Mon, Aug 31, 2015
A A A
Welcome Guest
Free Trial RSS
Get FREE trial access to our award winning publications
New Managers March 2013

Peter Urbani' Statistics - Monte Carlo may overestimate individual asset risks by up to two thirds

 

Injudicious use of Monte Carlo simulations could overestimate individual asset risks by two thirds if strict normality is assumed and the shape of the underlying distributions is ignored. Similarly total returns and Sharpe Ratios could be overstated by 20% or more when assuming strict normality. Individual assets that have positively skewed distributions may have their returns under estimated by 13% or more.

Most investors and software do not consider the asymmetry of returns and risks when conducting Monte Carlo simulations of future portfolio returns and simply rely on the central limit theorem to assume normality. Whilst the CLT certainly holds, it does so only over the long-term. In the short run, things may be very different indeed.

This month we look at the three main methods of generating correlated random deviates for the purposes of performing Monte Carlo simulations, namely;

  • The Cholesky Method,
  • The Spectral ( SVD ) Method and,
  • The Inverse method

As you may know, Monte Carlo simulations were invented by Stanislaw Ulam and John von Neumann during their work on the Manhattan project. The requirement for significant computing power meant that the method remained the preserve of think tanks, large universities and corporations until around the the 1980s and the advent of the Personal Computer. Since then, the use of the method has exploded and it has become ubiquitous in finance and financial planning even to the detriment of stopping people from trying to find closed form solutions for some problems which may have them.

Thanks to Moore’s law, most of us now have sufficient computing pow......................

To view our full article please login

This article was published in Opalesque's New Managers a top-down monthly analysis, news and research publication on the global emerging manager space.
New Managers
New Managers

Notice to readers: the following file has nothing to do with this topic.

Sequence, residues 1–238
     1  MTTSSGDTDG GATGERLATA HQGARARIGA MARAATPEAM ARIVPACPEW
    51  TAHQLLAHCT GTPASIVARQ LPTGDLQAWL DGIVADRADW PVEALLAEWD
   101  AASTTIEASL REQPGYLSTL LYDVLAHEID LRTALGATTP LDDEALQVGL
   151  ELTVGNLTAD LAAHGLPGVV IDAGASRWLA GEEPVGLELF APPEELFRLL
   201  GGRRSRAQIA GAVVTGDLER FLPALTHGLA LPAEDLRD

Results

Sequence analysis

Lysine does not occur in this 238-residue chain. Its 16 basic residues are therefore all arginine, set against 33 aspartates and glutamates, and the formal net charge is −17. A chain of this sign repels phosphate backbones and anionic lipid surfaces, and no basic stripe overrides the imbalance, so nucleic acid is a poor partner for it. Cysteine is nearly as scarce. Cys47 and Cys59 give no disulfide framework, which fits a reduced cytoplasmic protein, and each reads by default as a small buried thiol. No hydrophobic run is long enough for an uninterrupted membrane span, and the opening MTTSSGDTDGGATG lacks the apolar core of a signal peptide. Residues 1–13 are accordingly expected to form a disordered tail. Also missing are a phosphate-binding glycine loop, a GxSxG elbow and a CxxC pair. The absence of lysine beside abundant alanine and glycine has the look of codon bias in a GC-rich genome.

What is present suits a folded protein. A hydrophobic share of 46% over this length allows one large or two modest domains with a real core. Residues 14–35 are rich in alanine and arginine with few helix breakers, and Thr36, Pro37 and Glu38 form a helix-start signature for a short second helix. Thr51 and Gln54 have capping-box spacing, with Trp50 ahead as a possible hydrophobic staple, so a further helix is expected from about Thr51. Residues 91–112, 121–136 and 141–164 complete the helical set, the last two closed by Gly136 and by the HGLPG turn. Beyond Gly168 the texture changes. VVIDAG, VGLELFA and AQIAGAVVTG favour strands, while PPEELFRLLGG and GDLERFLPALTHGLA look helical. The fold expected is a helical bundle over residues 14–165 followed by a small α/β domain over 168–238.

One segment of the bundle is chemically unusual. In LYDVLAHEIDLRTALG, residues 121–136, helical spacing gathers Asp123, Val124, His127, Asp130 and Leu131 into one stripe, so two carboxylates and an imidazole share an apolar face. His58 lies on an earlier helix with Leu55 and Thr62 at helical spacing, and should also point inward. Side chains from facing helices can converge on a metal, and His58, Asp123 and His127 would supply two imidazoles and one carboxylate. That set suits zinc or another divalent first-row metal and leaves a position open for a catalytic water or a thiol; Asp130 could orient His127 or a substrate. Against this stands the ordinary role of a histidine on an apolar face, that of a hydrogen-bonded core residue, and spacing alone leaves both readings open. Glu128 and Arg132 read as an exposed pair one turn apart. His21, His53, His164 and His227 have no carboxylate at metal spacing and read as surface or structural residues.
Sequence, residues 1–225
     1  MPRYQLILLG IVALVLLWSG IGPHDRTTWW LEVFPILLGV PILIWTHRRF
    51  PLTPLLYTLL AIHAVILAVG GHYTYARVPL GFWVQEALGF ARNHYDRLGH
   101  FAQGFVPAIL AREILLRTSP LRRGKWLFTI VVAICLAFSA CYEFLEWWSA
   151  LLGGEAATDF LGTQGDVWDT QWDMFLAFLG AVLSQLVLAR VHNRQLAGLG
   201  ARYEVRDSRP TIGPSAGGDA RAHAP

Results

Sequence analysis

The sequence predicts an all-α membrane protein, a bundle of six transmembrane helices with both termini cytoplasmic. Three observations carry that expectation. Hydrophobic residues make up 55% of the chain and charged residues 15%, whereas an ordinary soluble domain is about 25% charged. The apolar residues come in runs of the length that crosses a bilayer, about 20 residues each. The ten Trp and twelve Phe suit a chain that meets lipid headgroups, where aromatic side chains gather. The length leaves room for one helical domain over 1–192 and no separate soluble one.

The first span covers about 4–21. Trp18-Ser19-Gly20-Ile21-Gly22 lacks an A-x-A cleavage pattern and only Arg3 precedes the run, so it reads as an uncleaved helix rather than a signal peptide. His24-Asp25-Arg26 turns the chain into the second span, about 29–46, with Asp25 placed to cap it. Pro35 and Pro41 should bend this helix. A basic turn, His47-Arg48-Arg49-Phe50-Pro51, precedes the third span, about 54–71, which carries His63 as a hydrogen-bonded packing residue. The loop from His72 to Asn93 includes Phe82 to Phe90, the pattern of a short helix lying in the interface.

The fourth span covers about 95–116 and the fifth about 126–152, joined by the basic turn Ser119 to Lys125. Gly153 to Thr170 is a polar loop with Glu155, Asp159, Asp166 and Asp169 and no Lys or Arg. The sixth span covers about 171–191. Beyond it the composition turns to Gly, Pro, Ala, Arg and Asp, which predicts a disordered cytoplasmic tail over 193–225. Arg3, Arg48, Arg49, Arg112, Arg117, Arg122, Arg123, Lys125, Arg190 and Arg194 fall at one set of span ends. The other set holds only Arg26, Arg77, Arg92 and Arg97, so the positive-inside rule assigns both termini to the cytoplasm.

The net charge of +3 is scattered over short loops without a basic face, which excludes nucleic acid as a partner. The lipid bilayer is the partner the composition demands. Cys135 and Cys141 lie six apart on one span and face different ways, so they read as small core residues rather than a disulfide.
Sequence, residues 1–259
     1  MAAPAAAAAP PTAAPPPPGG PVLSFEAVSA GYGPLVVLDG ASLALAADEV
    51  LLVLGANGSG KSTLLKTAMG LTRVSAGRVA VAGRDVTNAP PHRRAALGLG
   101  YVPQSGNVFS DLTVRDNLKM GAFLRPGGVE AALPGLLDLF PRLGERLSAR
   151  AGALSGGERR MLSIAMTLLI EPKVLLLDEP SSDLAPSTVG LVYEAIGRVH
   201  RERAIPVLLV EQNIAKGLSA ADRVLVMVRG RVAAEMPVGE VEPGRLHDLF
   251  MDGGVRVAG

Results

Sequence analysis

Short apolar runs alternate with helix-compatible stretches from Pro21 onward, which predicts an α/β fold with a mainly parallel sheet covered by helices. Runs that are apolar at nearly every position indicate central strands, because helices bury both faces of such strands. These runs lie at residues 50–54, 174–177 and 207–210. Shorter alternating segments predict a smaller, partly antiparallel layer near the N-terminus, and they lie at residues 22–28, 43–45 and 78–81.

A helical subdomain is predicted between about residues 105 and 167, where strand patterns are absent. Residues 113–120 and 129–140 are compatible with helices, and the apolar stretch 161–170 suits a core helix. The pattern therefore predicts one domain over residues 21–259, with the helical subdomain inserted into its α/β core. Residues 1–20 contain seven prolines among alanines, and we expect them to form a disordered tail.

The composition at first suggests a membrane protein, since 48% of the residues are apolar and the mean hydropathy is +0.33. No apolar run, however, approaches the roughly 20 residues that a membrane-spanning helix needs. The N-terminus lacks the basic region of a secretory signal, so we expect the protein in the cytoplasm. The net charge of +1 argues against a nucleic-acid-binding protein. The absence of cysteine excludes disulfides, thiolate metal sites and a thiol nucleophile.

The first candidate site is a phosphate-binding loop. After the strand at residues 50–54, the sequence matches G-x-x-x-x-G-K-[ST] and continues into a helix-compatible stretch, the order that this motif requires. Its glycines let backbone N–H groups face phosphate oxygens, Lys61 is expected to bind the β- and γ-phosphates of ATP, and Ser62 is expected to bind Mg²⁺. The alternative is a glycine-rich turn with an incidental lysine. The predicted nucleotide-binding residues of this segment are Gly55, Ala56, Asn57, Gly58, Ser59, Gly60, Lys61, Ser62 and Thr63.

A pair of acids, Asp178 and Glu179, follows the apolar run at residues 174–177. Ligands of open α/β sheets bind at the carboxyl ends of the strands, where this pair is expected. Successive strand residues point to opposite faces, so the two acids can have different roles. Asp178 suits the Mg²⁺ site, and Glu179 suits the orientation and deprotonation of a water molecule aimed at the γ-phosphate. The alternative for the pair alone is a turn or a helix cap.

New Managers

Today's Exclusives Today's Other Voices More Exclusives
Previous Opalesque Exclusives                                  
More Other Voices
Previous Other Voices                                               
Access Alternative Market Briefing


  • Top Forwarded
  • Top Tracked
  • Top Searched
  1. Investing - Hedge funds suddenly find real money is back in Argentina's debt, Elon Musk buys more SolarCity stock following hedge fund manager short, BlackRock plans to get into rental-home financing[more]

    Hedge funds suddenly find real money is back in Argentina's debt From Bloomberg.com: The real money is back in Argentina. Before the country’s default in July 2014 (its second in 13 years), most long-term investors abandoned its bond market. As they rushed out, Argentina became a favorit

  2. Activist News - Carl Icahn has snapped up a huge stake in Freeport-McMoRan, and the stock is ripping, Meet Europe's best activist investor[more]

    Carl Icahn has snapped up a huge stake in Freeport-McMoRan, and the stock is ripping From Businessinsider.com: Carl Icahn has picked his next target: Freeport-McMoRan. Icahn and a group of other investors have snapped up an 8.46% stake in mining company Freeport-McMoRan, according to a j

  3. North America - Hedge fund manager Ray Dalio’s challenge to the Fed[more]

    From Newyorker.com: For some reason, Janet Yellen, the chair of the Federal Reserve, decided to skip this year’s annual Fed conference in Jackson Hole, where monetary policymakers from the United States and abroad get together with some prominent academics to discuss the big issues of the moment. Th

  4. Opalesque Exclusive: Credit-focused hedge fund Numen Capital expects more volatility in Europe in coming months[more]

    Benedicte Gravrand, Opalesque Geneva: A London-based hedge fund, which has just hired two emerging managers, is cautious on Europe. Vassilis Paschopoulos and former Lehman’s colleague Nikos Kargadouris, launched a London-based credit-focused hedge fund called

  5. Performance - Hedge funds bruised by stocks’ meltdown, Capstone’s volatility hedge fund is having a monster month thanks to market mayhem[more]

    Hedge funds bruised by stocks’ meltdown From WSJ.com: Hedge-fund managers like to promise their investors protection from market swings. In the recent stock swoon, many were caught off guard. Billionaire managers such as Leon Cooperman, Raymond Dalio and Daniel Loeb are deeply in the red

 

banner